FIG. 2 shows a preferred embodiment of a semiconductor furnace system formed in accordance with the present invention. The furnace system is designed to minimize thermal stress, to reduce particle generation in the quartz tube and boat, and to prolong the lifetime of both quartzwares (the tube and boat).
The present invention is identical to a prior art vertical furnace except as detailed below. In brief, secondary heating elements are used to reduce the temperature gradient in the wafer boat during the cooling stage after the completion of a process. The furnace includes a bottom plate 20, a furnace tube 22, a wafer boat 24, a water cooling means 26, thermocouples 28, first heating elements 30, and second heating elements 32. The furnace tube 22 is set onto the bottom plate 20, which serves to isolate the wafers. The wafer boat 24 is then set in the furnace tube 22 to hold the wafer boat 24. Typically, the furnace tube 22 is made of quartz.
The cooling water means 26 which is set in the bottom plate 20 is utilized to cool down the temperature of the system following completion of a process. The first heating elements 30 are set outside of the furnace tube 22 to provide heating of the furnace tube.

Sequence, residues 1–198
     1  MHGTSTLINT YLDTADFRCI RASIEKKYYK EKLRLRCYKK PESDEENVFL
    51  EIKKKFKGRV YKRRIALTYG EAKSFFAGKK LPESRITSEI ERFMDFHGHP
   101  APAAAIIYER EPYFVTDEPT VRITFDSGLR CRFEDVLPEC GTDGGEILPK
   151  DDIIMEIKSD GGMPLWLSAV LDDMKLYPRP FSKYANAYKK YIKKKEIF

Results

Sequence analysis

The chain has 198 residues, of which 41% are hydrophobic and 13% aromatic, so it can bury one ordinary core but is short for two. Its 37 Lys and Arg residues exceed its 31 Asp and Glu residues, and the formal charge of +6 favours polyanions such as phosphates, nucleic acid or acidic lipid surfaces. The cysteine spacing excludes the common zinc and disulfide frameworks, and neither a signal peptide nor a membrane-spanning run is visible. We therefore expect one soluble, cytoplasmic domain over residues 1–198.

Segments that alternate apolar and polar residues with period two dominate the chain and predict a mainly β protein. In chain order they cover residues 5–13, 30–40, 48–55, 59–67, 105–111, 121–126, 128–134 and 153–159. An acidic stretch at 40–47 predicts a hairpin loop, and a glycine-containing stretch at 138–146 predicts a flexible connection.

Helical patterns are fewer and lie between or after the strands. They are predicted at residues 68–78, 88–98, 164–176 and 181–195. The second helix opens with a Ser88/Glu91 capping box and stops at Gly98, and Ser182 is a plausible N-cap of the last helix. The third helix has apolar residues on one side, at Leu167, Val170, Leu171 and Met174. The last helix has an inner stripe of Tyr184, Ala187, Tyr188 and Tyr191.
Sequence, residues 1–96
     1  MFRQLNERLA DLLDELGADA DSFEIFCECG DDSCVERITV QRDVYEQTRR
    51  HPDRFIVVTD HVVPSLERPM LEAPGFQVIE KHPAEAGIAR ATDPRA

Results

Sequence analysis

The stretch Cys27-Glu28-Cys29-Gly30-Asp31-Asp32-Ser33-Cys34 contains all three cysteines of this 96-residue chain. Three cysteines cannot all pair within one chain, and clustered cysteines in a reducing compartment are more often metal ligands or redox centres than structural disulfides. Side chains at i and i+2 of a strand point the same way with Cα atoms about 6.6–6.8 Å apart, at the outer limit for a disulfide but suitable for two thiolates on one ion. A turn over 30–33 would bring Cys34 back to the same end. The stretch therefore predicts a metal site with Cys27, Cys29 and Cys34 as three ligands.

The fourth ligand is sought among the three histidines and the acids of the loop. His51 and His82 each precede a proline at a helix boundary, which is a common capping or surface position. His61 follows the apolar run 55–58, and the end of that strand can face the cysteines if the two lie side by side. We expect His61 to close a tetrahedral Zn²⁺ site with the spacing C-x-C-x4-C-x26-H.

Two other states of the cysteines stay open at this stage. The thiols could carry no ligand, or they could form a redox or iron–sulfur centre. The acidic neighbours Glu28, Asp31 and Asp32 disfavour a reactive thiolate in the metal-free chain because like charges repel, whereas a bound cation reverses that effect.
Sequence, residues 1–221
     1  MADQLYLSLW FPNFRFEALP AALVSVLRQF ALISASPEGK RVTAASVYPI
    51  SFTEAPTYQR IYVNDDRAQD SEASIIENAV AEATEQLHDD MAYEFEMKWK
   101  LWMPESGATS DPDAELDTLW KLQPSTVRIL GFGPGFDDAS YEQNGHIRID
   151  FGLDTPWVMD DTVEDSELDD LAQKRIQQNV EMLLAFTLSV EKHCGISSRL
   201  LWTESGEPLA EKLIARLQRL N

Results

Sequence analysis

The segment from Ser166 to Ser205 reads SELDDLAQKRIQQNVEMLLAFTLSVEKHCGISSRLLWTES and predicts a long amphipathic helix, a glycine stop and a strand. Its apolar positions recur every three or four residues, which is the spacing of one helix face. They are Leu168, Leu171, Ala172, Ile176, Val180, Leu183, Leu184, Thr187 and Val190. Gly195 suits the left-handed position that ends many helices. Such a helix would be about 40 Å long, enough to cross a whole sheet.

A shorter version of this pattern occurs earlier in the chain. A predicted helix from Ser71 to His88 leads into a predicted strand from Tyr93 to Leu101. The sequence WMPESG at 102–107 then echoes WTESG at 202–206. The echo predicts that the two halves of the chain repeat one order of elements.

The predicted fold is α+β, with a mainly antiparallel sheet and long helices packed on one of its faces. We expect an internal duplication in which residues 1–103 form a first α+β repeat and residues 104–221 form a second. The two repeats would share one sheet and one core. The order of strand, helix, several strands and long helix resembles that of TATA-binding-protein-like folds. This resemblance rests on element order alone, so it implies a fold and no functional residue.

The second heating elements 32 are vertically set in the wafer boat 24 and on the bottom plate 20. The second heating elements 32 are used to reduce the temperature gradient in the wafer boat 24. The thermocouples 28 are used to detect the temperature inside the furnace tube 22 and inside the wafer boat 24. Some of the thermocouples 28 are set on the side wall of the furnace tube 22 and pass through the side wall of the furnace tube 22 for detecting the temperature in the furnace tube 22. Others are set in the wafer boat 24 for detecting the temperature in the wafer boat 24.
The key reason for thermal stress in the tube 22 and boat 24 is caused during phase transition of the quartz. There are three basic structures of crystalline silica: quartz, tridymite, and cristobalite. The most stable forms are low quartz, below 573° C.; high quartz, from 573°-867° C.; high tridymite, 867°-1470° C.; high cristobalite, 1470°-1710° C.; and liquid.
The common deposition temperature for polysilicon, low pressure chemical vapor deposition (nitride), and LPTEOS (low pressure tetraethylorthosilicate) are 586°-640° C., 760° C., and 720° C., respectively. The process temperature of densifying BPSG (borophosphosilicate glass), well drive-in, and field oxide are in the range between 800°-1150° C.
During a cooling cycle, phase transformation from high quartz to low quartz will occur in the range from 575°-565° C. For a drive-in or annealing process, reversible transformation between high quartz and high tridymite occurs in the temperature range of 886°-872° C.